The circular economy shows up at the home of Mickey Mouse

Posted on 06 September 2016.

At Walt Disney World in Florida, food scraps don’t end up in the trash. They’re collected and processed in a biogas plant.

Every year millions of people converge on Walt Disney World in Florida, and in particular on the Magic Kingdom, the most visited theme park in the world. But the Disney magic is not just about enchanting attractions, smiling princesses, great animated movie classics and night time parades... A way away from Cinderella’s Castle, the huge leisure complex transforms food waste into electricity and fertilizer.

How? Anaerobic digestion - a natural biological process that breaks down organic matter when there is no oxygen present.

Since 2014, food scraps and grease have been collected from the restaurants and hotels in Disney World, and sent to a biogas plant, a few kilometers from the park. There they are fed into two giant tanks called digesters. A number of different microorganisms are involved in the anaerobic digestion process which produces a biogas consisting of 50 to 70% methane and 20-50% carbon dioxide. The biogas is then burned to produce electricity and heat. This reaction also leaves a residue rich in organic matter known as the digestate, which is a valuable fertilizer when spread on agricultural land.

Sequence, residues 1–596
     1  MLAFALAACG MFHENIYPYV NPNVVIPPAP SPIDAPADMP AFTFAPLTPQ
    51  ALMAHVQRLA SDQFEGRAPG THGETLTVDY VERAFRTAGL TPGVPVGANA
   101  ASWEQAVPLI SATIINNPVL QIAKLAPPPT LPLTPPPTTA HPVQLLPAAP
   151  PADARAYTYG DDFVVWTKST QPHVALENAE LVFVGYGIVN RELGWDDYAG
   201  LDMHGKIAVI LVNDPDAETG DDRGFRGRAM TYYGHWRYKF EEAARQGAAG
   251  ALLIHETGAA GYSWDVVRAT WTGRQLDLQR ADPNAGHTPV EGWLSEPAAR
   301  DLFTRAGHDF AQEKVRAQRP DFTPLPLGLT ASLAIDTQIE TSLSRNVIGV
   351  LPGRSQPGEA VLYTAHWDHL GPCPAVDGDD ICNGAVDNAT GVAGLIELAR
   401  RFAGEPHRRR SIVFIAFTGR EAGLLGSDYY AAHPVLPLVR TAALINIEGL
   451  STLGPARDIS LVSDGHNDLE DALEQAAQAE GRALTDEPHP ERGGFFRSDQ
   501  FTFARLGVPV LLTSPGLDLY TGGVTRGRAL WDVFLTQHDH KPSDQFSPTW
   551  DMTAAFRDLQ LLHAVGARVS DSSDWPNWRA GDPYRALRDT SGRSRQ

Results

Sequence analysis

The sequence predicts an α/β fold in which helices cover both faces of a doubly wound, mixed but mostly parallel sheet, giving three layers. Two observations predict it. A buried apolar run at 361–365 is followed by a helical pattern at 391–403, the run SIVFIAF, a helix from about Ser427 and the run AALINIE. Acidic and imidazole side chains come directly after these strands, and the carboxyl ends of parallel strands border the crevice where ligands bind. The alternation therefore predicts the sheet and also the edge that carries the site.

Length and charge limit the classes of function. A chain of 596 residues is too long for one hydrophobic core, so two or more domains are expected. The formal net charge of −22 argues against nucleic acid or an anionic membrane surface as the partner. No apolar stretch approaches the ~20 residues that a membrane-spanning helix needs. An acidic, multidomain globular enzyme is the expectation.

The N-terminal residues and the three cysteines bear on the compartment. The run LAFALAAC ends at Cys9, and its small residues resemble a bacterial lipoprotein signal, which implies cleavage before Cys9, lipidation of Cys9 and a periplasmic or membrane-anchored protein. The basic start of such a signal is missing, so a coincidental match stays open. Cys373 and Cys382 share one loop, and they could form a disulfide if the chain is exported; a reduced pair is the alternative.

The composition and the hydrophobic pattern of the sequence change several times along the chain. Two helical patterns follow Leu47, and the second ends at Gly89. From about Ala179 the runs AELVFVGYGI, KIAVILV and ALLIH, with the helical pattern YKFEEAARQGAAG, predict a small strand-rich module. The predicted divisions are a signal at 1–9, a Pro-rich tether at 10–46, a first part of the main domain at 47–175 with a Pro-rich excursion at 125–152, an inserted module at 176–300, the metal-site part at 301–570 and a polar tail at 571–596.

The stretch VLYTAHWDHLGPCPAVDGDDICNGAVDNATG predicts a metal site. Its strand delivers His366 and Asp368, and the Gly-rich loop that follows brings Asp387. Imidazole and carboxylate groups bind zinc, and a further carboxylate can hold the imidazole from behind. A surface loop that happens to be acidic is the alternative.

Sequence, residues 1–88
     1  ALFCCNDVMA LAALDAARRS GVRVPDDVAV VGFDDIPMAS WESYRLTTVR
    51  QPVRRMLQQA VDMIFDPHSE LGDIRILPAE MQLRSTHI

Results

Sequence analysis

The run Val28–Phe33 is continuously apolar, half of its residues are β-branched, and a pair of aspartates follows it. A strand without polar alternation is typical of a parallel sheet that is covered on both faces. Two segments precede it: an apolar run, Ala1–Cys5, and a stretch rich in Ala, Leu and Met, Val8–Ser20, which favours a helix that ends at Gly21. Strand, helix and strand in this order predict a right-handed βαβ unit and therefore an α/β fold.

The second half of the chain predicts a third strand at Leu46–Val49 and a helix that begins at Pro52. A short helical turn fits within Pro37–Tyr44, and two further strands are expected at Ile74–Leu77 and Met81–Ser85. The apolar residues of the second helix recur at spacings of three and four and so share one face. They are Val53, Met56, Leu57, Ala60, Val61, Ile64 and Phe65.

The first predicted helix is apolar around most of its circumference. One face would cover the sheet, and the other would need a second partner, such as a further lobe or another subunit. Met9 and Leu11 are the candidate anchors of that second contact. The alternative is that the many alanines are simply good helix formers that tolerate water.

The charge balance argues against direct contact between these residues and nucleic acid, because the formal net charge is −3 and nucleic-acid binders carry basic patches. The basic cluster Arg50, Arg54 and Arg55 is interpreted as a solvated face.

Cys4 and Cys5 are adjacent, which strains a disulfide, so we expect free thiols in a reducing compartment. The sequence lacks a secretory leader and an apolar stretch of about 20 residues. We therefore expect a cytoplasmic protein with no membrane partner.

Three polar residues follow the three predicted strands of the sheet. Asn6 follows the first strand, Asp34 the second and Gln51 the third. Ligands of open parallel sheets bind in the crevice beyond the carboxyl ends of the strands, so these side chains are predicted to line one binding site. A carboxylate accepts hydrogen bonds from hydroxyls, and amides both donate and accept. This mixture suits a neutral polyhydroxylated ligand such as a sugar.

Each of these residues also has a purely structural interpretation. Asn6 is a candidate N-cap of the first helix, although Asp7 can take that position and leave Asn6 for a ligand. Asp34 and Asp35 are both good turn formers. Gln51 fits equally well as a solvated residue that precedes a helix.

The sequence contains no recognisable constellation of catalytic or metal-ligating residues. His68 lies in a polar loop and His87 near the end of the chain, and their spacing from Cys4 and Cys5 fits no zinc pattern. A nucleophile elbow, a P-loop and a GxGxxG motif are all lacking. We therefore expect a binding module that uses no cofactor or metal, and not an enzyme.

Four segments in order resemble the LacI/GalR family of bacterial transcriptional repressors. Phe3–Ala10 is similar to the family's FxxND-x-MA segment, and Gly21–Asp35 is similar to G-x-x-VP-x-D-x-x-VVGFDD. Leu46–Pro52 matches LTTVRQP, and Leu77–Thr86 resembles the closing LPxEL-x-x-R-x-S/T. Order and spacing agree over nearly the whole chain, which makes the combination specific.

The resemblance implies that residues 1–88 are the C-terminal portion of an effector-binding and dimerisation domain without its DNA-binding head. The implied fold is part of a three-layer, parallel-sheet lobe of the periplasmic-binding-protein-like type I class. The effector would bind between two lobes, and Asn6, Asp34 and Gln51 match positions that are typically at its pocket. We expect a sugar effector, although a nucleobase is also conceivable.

The biogas plant therefore reduces the amount of organic waste, limits greenhouse gas emissions and produces renewable energy, which is then sold back to Disney World to run its attractions and its hotel complex.